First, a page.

Trying to avoid seeing ourselves only through the eyes of others

“I am not what I think I am and I am not what you think I am; I am what I think you think I am.” 

Charles Cooley

Charles Cooley talked of something called the “looking-glass self”.

I am not what I think I am –I don’t usually see myself for what I am.

I am not what you think I am – I seldom know what others really think of me.

I am what I think you think I am – I think about how others might be perceiving me. This is the image I have of myself, which I try to live up to.

We often see ourselves through the eyes of others.

Conforming to an Image

Sometimes then, there is the urge to conform to this image we think others have of us.

If my friends think I’m a rugged, non-emotional type, they’d think it weird if they found me crying. And because I know they’d find it weird, I’d go out of my way to avoid crying even if I wanted to.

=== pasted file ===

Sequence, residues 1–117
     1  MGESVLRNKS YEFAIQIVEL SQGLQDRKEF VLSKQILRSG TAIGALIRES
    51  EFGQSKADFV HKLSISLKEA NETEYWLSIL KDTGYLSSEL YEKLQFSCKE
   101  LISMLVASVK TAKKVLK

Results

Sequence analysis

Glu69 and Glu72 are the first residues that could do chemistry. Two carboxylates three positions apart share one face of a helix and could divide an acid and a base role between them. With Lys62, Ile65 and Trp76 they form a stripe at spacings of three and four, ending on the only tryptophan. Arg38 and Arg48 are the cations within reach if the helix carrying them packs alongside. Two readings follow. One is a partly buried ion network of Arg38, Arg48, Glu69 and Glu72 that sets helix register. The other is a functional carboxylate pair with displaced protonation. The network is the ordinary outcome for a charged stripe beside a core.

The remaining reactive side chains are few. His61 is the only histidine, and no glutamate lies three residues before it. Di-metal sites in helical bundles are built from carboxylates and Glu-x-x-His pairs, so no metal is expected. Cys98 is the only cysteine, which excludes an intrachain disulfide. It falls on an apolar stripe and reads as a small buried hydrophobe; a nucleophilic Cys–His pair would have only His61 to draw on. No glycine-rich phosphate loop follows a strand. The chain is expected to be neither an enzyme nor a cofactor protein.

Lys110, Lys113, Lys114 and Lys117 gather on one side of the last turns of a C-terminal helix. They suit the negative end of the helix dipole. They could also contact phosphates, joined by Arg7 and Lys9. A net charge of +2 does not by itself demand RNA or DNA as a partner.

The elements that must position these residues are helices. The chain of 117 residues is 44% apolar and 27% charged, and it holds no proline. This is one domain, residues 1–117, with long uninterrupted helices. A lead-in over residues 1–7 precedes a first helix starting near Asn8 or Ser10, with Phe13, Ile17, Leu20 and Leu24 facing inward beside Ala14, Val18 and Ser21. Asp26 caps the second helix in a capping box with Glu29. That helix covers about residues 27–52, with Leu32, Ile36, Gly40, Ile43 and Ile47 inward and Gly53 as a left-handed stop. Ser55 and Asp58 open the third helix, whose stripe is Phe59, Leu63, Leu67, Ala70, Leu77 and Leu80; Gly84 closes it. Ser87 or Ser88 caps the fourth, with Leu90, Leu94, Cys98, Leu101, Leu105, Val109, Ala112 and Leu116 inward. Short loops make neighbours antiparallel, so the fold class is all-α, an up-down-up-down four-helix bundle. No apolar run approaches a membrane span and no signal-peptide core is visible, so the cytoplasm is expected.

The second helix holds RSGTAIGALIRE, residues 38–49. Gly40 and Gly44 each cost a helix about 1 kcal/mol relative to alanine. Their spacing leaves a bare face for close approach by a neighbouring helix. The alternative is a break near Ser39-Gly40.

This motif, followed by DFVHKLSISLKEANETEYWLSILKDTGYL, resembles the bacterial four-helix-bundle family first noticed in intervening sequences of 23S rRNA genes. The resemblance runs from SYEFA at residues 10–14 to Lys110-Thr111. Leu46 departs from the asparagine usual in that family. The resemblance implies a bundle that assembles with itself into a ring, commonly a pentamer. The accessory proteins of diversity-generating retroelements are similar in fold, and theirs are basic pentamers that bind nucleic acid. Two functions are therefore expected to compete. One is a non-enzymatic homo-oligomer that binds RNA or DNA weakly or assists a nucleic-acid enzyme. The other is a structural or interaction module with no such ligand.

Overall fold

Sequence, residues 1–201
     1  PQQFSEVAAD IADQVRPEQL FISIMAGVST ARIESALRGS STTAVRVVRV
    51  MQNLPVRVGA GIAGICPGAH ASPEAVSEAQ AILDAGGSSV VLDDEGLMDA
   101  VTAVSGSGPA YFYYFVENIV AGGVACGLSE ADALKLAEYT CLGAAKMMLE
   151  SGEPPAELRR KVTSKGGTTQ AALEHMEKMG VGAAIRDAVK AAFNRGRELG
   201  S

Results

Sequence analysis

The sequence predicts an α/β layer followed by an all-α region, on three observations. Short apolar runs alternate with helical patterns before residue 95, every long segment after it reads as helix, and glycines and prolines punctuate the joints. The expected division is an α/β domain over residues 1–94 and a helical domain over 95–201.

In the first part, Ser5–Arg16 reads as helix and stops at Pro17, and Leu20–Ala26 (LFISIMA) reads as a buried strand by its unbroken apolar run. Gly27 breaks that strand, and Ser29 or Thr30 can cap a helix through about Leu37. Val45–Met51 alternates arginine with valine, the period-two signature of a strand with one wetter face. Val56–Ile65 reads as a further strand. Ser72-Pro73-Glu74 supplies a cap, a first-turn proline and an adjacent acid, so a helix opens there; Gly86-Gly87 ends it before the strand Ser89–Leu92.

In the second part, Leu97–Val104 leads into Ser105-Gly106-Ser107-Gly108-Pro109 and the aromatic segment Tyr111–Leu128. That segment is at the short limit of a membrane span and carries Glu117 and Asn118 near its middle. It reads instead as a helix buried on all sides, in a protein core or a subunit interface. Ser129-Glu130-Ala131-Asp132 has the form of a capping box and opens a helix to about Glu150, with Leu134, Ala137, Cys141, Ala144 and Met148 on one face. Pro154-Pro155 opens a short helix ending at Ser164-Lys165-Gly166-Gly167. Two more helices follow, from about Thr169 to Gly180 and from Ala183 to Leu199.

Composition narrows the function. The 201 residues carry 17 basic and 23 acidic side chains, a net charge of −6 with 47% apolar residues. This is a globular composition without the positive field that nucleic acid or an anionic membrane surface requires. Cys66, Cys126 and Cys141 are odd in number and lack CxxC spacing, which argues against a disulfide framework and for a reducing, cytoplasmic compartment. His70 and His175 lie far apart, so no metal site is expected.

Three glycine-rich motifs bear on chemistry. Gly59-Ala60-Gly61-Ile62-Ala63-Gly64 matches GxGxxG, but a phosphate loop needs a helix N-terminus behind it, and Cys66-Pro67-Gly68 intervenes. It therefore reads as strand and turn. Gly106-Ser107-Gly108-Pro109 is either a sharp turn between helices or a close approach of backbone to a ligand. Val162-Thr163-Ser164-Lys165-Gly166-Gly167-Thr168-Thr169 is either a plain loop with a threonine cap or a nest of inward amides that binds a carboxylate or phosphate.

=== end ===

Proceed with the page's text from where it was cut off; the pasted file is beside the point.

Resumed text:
If someone has a reputation for being a rebel or not studying or defying whatever he’s told to, people would expect him to keep up that image. If he suddenly becomes docile, he lets his audience down. There’s pressure now to perform for the crowd, to behave the way they expect him to.

If you’re not aware of it, this becomes a self-fulfilling prophecy. I’m expected to behave a certain way – there’s pressure to live up to expectations, and so I will. And every time I do this, this image builds up and gets reinforced, making it even harder to break free the next time.

Outsourcing Accountability

This self-fulfilling prophecy can work as a force for good too. Someone recently told me this is something called an “accountability partner”.

When I went to an old gym after a long time, someone told me he was surprised I hadn’t come for so long – he thought I was regular. I’d been going to another gym elsewhere, but I knew that I might have felt the need to “defend” myself if I hadn’t thought of this before.

So if you’re struggling with learning the guitar or exercising or studying, a coach who checks on you might help – you’ll be accountable to him and try to live up to his expectations.

I don’t believe in this myself – if you need someone to hold you accountable, you probably don’t want to do whatever you’re doing. You’re doing it to live up to someone else’s expectations, rather than your own.